Moscow, Jun 8 (Agency) A prominent human rights group on Tuesday called on countries whose troops are on track to leave Afghanistan to step up efforts to resettle former Afghan interpreters and other local employees, saying the withdrawal heightened fears that they would be targeted by Taliban forces.
The Taliban on Monday assured Afghans who worked for foreign troops as guards or interpreters that they should not fear for their lives once these forces leave. The group urged these Afghans to “show remorse for their past actions” and not engage in similar activities. According to the radical movement, such actions amount to treason against Islam and the country. “Countries with troops departing Afghanistan should accelerate programs to resettle former Afghan interpreters and other employees who are increasingly at risk from Taliban forces,” Human Rights Watch (HRW) said, adding that these countries should urgently fast-track visa processing and relocation efforts.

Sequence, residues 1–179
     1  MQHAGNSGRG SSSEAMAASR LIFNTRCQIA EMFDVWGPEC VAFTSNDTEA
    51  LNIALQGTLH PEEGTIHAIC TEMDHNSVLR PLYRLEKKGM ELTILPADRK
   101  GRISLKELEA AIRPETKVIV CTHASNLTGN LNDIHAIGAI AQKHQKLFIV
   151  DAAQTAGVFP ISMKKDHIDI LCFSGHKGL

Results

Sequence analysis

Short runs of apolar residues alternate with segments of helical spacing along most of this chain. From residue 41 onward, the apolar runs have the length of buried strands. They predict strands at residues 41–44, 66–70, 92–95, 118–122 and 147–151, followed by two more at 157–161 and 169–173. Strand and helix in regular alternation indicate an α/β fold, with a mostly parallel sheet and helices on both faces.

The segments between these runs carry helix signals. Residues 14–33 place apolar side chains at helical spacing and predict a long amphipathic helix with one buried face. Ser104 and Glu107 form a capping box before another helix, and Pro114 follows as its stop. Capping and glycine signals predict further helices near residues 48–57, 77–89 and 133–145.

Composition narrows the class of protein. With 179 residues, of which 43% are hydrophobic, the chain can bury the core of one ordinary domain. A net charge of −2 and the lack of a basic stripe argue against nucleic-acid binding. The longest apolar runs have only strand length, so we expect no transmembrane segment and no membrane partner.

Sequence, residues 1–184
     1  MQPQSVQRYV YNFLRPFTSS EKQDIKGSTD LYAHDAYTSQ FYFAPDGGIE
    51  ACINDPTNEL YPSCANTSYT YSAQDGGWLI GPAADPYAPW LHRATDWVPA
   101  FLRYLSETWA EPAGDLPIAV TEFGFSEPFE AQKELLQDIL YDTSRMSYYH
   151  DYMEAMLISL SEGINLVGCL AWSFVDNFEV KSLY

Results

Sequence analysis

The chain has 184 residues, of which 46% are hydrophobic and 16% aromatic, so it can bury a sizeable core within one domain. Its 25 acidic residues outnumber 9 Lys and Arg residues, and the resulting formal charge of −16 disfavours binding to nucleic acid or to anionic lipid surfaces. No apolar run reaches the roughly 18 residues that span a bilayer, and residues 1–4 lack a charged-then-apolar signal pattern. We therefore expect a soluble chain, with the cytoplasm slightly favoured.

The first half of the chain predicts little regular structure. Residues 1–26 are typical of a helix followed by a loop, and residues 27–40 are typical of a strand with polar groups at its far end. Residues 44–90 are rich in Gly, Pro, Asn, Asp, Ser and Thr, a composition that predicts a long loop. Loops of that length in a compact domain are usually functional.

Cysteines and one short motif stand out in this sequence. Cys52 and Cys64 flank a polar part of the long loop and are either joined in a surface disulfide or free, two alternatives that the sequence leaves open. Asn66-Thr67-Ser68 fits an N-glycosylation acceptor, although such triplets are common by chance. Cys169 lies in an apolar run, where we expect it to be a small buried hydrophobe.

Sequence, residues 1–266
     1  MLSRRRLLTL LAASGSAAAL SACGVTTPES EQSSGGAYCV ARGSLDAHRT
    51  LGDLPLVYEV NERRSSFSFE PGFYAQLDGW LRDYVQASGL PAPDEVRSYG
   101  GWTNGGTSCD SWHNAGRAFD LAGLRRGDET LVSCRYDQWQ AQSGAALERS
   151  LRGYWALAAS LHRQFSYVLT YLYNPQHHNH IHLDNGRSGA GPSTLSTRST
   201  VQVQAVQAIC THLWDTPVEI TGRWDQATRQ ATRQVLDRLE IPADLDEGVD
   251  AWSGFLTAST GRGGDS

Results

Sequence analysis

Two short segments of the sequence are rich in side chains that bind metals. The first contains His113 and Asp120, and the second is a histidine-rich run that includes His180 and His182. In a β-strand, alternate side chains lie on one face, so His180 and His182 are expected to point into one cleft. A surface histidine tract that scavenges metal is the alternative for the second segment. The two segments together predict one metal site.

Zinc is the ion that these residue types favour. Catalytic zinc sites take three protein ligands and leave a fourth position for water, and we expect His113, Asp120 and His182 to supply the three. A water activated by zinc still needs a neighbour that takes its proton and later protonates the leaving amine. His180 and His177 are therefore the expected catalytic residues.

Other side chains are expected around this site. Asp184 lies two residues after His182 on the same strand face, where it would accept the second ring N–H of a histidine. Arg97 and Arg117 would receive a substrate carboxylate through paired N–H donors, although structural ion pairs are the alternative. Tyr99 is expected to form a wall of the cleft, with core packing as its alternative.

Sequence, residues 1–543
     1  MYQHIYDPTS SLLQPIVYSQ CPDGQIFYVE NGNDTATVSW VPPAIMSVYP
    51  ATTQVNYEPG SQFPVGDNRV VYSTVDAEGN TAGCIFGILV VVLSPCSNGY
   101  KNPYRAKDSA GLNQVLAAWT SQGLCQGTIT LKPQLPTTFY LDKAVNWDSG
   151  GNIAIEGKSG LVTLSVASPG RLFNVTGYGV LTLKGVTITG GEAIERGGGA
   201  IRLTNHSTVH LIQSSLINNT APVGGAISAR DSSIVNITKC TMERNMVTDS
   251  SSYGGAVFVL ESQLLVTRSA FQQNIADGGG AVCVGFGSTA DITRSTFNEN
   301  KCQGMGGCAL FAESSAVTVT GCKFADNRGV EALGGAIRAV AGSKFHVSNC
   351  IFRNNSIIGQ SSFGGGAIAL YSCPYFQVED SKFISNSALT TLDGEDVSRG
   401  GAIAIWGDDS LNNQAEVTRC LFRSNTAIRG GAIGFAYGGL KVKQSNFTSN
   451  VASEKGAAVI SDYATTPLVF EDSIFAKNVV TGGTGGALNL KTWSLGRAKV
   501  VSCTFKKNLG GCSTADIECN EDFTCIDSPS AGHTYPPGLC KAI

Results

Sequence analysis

Though the US and UK announced they would be accelerating programs to relocate these Afghan employees and their families, advocacy groups are alarmed by the efforts proceeding “too slowly,” saying these programs may not adequately cover all former Afghan employees who may be at risk, the group said. “The countries now withdrawing from Afghanistan have been far too slow in developing evacuation, relocation, and resettlement plans for their former Afghan employees,” HRW Associate Asia Director Patricia Gossman said, as quoted in a press release. Washington announced in April that all US forces would be removed from Afghanistan by September 11, with the gradual pullout starting in May. Other NATO countries are also withdrawing their troops in coordination with the United States.